“I could either deal with what [other movements had] already brought to the table, or I could clear everything off and redefine what painting could be for me. I tried to work with a clear table” (R. Mangold, quoted in R. Shiff, “A Compelling Uniqueness,” in Robert Mangold: Paintings, 1990-2002, exh. cat., Aspen Art Museum, 2003, p. 20).
Painted in 1973, Robert Mangold’s Circle Painting 4 dates to a formative period in the minimalist artist’s career, when he began using the shaped canvases and brushed-on acrylic that would come to define his oeuvre. Occupying the nebulous realm between object and image, Circle Painting 4, like much of Mangold’s signature work, purports at first glance to operate within the conventions of modernist abstract painting. Closer inspection, however, reveals an enticing paradox: while the painting reads as flat on the shaped canvas, its dusky monochromatic field is in fact punctuated by the pictorial element of sharp lines, drawn in white pencil across the surface. Although these lines seem to join in a geometric square, the image is illusory. In a brilliant conceptual feint, Mangold lets the lines fall off the edges of the canvas, resulting in an open form that cannot be resolved into a definite shape.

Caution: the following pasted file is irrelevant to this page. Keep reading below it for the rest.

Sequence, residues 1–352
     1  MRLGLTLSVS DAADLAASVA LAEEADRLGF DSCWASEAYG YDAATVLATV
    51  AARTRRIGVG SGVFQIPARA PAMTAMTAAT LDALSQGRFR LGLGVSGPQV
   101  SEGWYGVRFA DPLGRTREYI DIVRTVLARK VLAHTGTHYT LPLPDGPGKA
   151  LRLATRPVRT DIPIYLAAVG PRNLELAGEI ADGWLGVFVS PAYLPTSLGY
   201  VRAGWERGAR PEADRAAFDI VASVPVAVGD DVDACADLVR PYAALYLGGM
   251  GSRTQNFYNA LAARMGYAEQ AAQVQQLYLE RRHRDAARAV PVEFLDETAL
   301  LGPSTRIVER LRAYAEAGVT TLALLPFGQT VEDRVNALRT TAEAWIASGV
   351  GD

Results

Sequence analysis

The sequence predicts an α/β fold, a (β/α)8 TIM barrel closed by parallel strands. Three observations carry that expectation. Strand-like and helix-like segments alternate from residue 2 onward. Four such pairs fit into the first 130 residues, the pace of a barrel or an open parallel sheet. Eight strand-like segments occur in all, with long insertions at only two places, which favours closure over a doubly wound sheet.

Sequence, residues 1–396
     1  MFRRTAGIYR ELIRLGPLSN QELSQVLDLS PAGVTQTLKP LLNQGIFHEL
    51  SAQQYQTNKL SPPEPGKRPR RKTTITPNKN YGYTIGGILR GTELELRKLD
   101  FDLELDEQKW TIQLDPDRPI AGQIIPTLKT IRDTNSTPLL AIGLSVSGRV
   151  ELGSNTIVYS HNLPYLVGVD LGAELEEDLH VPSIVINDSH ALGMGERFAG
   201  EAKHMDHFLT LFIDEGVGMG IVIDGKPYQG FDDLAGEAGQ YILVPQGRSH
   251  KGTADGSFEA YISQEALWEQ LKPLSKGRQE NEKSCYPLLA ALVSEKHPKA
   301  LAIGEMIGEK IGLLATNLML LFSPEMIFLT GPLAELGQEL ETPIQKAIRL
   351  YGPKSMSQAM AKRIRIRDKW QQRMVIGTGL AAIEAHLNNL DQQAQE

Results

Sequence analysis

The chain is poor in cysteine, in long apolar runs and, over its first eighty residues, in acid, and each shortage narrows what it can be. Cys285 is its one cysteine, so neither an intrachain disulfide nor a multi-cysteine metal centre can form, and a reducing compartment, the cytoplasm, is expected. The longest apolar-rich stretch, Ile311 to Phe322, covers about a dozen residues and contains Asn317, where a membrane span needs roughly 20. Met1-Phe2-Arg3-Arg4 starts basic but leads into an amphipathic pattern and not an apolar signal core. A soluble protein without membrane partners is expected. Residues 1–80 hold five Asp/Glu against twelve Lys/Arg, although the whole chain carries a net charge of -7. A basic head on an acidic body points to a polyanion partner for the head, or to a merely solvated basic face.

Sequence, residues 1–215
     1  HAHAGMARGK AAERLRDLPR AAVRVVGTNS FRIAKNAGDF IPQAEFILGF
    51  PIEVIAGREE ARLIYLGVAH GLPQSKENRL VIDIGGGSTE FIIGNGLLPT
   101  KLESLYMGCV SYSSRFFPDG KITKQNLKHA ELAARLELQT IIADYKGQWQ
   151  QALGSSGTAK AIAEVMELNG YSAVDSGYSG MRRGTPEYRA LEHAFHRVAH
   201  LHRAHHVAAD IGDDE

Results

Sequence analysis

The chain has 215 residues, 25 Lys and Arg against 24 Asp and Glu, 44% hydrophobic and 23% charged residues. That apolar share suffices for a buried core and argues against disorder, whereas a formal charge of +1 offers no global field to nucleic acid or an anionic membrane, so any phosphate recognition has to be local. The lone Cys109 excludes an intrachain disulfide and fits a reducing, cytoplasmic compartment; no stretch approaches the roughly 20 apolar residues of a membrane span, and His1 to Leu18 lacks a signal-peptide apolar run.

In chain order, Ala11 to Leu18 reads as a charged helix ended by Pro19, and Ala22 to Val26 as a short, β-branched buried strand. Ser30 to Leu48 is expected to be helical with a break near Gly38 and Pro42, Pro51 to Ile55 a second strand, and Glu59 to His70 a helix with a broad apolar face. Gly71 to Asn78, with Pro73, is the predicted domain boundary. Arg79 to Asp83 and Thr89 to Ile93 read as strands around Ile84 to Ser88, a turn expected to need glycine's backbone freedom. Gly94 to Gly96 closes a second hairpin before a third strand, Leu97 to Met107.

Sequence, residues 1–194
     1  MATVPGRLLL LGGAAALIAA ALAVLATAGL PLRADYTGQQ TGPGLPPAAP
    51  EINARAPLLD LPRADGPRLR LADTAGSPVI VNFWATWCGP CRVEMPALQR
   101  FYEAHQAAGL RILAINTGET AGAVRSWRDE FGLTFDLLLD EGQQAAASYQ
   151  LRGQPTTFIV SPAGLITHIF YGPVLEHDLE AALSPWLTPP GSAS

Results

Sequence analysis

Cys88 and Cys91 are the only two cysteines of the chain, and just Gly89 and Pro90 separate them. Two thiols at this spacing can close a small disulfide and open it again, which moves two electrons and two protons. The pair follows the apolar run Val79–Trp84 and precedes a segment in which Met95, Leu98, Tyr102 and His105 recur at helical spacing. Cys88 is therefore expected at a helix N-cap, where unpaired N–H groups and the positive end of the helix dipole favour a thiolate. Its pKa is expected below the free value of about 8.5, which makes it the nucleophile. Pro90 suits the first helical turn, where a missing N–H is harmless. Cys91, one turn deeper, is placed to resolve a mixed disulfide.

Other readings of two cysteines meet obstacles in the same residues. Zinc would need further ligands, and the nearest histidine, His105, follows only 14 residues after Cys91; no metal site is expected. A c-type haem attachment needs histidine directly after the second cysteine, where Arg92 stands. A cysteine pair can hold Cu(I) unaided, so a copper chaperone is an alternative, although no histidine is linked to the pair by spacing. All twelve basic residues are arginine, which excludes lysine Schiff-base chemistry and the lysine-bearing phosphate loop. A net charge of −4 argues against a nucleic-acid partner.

One of the most significant motifs in Mangold’s art, the open form of the present work’s composition suggests three-dimensional planes, creating a delicate tension between surface and depth. His art is restrained yet complex, and Circle Painting 4 illuminates the artist’s matchless revolution of painting, using the visual rhetoric of line, color and shape.